Today’s edition of the Sud-Ouest newspaper reports that the 100th Bordeaux château has been purchased by a Chinese (that includes Hong Kong and Chinese living outside their country of origin). As we all know, the Chinese market has receded, but the country still imports one out of every ten liters produced in Bordeaux, which is to say one hell of a lot of wine…
The Chinese strategy has been to target estates in less showy appellations, particularly the Entre-Deux-Mers region. Furthermore, the attractiveness of the château building and grounds is a major factor in purchases. Only one classified growth is Chinese-owned: Bellefont-Belcier in Saint-Emilion.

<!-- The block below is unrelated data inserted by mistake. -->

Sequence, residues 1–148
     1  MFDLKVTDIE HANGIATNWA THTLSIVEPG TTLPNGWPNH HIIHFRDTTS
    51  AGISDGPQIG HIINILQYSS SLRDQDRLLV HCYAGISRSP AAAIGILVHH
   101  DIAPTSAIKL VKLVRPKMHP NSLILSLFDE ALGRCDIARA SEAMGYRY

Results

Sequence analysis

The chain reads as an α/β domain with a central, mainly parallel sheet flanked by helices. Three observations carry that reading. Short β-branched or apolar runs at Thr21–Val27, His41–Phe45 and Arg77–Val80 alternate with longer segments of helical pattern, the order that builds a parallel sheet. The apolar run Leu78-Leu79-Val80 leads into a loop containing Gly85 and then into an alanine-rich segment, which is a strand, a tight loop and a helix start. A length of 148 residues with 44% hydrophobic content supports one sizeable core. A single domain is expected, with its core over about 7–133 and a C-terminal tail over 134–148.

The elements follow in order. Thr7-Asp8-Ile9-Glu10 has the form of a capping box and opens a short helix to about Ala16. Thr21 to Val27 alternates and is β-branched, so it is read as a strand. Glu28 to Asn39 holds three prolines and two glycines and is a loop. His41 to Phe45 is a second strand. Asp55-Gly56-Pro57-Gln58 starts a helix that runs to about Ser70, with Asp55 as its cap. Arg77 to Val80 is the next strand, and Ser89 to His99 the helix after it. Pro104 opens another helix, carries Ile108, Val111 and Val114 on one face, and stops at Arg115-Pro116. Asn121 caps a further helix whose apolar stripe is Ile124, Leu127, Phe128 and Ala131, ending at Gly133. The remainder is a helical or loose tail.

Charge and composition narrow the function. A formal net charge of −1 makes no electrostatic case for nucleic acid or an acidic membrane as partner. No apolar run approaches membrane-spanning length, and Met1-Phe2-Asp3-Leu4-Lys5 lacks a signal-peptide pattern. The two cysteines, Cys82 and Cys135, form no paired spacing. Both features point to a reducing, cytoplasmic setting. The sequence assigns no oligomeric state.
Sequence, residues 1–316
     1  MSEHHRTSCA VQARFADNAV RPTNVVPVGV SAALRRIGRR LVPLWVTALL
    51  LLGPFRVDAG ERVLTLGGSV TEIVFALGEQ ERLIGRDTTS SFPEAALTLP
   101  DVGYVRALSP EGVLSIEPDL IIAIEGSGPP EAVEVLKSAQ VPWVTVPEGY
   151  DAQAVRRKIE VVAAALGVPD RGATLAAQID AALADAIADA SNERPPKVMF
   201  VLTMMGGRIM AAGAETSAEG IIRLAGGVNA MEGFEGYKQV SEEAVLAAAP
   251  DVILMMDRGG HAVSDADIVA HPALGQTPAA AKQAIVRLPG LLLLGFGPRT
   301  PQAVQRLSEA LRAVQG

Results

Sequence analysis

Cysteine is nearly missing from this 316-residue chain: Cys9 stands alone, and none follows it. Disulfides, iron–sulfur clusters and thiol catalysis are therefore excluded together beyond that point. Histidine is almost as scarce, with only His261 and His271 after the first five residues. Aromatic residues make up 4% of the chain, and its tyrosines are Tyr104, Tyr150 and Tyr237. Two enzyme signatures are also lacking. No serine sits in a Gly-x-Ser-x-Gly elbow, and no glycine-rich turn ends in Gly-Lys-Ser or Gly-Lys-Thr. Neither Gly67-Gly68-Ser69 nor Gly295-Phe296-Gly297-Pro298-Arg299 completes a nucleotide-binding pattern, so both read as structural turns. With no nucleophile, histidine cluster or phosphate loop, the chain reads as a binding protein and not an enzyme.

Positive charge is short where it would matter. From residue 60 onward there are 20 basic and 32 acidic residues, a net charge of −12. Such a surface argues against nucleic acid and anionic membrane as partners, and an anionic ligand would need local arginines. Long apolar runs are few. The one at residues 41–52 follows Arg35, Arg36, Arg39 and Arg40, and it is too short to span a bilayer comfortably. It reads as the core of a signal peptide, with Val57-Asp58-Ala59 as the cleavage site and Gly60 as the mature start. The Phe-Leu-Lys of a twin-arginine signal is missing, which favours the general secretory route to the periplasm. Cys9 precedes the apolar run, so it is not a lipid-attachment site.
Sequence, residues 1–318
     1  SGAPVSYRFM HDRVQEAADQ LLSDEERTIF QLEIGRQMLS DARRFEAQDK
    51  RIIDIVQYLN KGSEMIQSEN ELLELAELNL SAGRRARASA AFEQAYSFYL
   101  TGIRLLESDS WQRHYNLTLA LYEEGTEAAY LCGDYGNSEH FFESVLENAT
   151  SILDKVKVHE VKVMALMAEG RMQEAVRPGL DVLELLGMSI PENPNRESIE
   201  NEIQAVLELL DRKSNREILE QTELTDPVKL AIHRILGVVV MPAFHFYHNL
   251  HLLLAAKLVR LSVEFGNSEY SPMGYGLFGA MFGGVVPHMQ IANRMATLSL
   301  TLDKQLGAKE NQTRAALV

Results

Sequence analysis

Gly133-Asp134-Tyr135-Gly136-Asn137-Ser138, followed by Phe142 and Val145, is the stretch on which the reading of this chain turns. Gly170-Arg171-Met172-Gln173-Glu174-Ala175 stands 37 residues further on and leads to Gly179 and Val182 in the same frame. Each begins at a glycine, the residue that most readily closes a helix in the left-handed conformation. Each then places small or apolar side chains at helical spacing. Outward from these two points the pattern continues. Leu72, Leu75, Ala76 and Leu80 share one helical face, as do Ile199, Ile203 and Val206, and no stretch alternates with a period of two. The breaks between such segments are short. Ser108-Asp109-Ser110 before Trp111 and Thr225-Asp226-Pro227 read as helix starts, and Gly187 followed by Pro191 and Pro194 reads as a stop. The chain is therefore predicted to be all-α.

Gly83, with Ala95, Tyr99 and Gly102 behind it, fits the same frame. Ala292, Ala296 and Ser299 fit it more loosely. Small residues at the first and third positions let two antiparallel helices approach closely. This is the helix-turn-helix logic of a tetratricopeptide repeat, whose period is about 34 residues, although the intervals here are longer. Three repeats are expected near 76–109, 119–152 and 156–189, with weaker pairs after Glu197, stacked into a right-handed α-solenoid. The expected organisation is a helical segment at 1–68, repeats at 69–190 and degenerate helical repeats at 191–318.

Curiously, the Chinese now own a huge chunk of the Fronsac appellation, with châteaux Richelieu, La Rivière, and Plain-Point. In the Médoc, the Chinese flag waves over Loudenne, Barateau, Bernadotte, Preuillac, Andron, and Les Tourelles.
Mr. Naijie Qu from Dalian (northeast China) alone has 23 châteaux, totalling 500 hectares.
That having been said, all Chinese holdings amount to just 1.5% of the total surface area under vine.
There have been a few management problems and other difficulties due to the Chinese ignorance of French labor laws, but the trend continues unabated.
Money talks in Bordeaux, and is worth noting the openness to foreigners as compared to the ruckus caused by the Chinese purchase of the Château de Gevrey-Chambertin in Burgundy, where they own next to no vineyards.